How I Missed the Obvious Plus Highlights From the DIFFA Dining By Design Gala
Sometimes I can be so clueless.
While I have attended the spectacular pageant that is DIFFA'S Dining by Design many, many times in the past as part of my visit to the Architectural Digest Home Show, I have never attended the gala before.
Why not you ask, especially since it is such a worthy cause? DIFFA stands for Design Industries Foundation Fighting Aids.
Well truth be told, I am a closet introvert, and going solo to giant parties like the DIFFA gala have me inwardly quaking. The last time I went to a big gala by myself, I wanted to crawl inside a hole and pull a cover over my head, although you could never tell from this picture.
I have learned to mask my feelings very well. But it remains terribly hard for me, so I avoid such events like the plague.
As I result, I simply couldn't force myself to attend the DIFFA gala, despite the fact that everybody who is anybody in the world of design supports DIFFA in spades. Until this year.
Earlier this week, I sucked it up, put on a cocktail dress and went to the party. And that is when I discovered I had missed the very obvious.
For those of you who might be unfamiliar, at the DIFFA Dining by Design extravaganza, top designers and industry leaders team up to produce incredibly imaginative and inspiring dining room settings that positively astound the eye. There are bold colors, plays on perspective, enormous floral displays, glorious fabrics and china, gorgeous furniture and stunning art.
And you know what happens at the gala? You get to sit down amidst all that superlative creativity and eat dinner at those fabulous tables!
How did I not put this together before ? I simply never fathomed that the magnificent dining vignettes were actually used.
I had a wonderful evening.
I got to the gala because I was asked in person by talented interior designer Darrin Varden--it is much easier to dodge email and snail mail invites :-). Thanks for getting me out, Darrin. MWAH!
Darrin partnered with the venerable porcelain firm Lladro to produce a table for the New York Times. Seen above, his vignette shined with Lladro's Belle de Nuit sconces and two chandeliers. Lladro's Horses Group sculptures and Equus tableware ground the center of the tabletop.
We sat on chairs by Artistic Frame in a brand new ebonized, strie finish and upholstered in Stark fabric. For the walls, Darrin also turned to Stark for wallpaper. I was quite taken with Stark's new introduction Paria Canyon wallpaper in graphite, a marble-like design. Inventively, Darrin used this wallpaper on the floor as well.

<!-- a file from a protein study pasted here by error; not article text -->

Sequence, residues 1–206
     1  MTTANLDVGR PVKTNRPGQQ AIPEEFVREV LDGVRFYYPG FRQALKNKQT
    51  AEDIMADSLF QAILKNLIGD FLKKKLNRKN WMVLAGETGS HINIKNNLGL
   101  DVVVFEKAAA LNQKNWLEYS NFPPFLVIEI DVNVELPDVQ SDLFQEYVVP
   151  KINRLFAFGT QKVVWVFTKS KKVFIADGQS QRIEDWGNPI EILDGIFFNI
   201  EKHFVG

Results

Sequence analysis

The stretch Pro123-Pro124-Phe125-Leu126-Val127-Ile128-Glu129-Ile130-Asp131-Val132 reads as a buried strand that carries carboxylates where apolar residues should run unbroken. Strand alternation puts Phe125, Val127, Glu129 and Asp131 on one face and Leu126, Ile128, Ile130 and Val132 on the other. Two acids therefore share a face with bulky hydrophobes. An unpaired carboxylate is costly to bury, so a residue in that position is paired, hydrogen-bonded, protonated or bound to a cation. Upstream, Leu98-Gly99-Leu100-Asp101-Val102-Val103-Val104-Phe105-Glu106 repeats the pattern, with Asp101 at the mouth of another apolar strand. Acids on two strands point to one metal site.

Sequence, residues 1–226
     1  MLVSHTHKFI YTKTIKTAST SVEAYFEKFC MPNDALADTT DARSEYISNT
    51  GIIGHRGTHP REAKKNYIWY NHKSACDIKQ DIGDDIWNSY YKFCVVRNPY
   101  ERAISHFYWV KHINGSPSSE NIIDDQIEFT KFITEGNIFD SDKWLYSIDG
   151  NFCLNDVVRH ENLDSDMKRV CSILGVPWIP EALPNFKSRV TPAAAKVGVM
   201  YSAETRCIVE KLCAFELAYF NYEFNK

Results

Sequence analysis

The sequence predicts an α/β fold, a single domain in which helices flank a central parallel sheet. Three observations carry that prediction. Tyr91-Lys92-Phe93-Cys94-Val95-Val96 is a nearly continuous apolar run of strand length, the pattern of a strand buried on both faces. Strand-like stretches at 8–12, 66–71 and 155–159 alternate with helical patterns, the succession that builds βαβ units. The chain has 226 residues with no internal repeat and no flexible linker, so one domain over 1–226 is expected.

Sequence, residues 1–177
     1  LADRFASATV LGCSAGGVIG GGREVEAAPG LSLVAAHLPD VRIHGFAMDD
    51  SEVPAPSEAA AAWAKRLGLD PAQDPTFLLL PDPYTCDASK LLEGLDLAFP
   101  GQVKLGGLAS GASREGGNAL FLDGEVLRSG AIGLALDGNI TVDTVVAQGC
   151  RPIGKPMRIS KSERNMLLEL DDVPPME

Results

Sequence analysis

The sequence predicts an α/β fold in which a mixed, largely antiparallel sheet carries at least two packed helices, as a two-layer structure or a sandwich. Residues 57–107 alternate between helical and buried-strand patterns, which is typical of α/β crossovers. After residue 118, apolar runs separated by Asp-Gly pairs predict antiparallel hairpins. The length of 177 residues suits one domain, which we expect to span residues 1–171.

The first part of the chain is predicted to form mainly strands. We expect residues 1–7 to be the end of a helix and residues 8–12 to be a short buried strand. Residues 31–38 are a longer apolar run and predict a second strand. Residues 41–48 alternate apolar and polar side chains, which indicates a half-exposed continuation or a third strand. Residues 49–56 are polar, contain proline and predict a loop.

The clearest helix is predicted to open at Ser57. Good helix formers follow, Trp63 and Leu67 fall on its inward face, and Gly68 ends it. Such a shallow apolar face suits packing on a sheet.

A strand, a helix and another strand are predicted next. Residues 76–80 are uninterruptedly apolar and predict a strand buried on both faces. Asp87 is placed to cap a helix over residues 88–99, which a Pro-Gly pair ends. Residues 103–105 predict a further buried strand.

As a designer, Darrin shared with me that art is frequently a catalyst for his designs. A highlight of Darrin's vignette is the stunning painting he chose by artist Claire Sherman entitled Diagonal Tree.
I was fortunate to sit next to Claire at dinner. Claire explained to me that this painting was inspired by California's redwood forest. She added that she is often stirred by majestic settings and strives (quite successfully in my opinion) to express the sublime in her art.
Darrin made a powerful statement when he addressed the table after our meal. He opened with a joke about his color palette--it's "black and white and re(a)d all over" like the newspaper he partnered with-- but then quickly shifted the mood.
Darrin eloquently expressed the meaning of the entire evening by describing the metaphor he saw in Claire Sherman's painting and the fight against AIDS:
“I saw these gorgeous, broken, fallen trees, once so strong, ravaged yet still beautiful, still imposing in their beauty, paralleling the destruction of AIDS on the landscape of humanity. The beauty of the memory of those we lost is juxtaposed against trees that are still standing, those for whom HIV is no longer a death sentence...” ending with a pledge that someday the forest would be wholly green and HIV would be no more.
It was hard to keep a dry eye.
Enjoy some of the other beautiful tables at DIFFA Dining By Design 2016. Believe me, I am so happy I went.
Another New York Adventure.
New York Design Center, designed Antonino Buzzetta
Antonino Buzzetta crafted the perfect downtown NYC rooftop celebration to fete the New York Design Center's 90th birthday. Love the graffiti walls.
Luxe Interiors +Design with LIAIGRE, designed by Sasha Bikoff
Having just returned from northern Africa, I was quite taken with the African theme devised by Bronson Van Wyck for the Architectural Digest table. The striped tablecloth in Selby linen by Larsen evokes traditional kuba cloth, which is enhanced by the framed textiles on the wall. Tucker Robbins pendants further set the scene.
Crate and Barrel, designed by Spring Street Social Society
Love wins. This table is all about love, as the designers created reflective, infinite hearts.
Interior Design Magazine Designed by Ali Tayar, Produced by SilverLining Interiors
There is no doubt about the message here. Designer Ali Tayar reminds us that the fight against AIDs demands an endless supply of hope.
Photo credits: First image of Darrin Varden's table and the close up of the tabletop by Alan Barry. Image of Claire Sherman's painting from her website. Tina Ramchandani's tabletop from her Instagram. All other photos by Lynn Byrne for Decor Arts Now.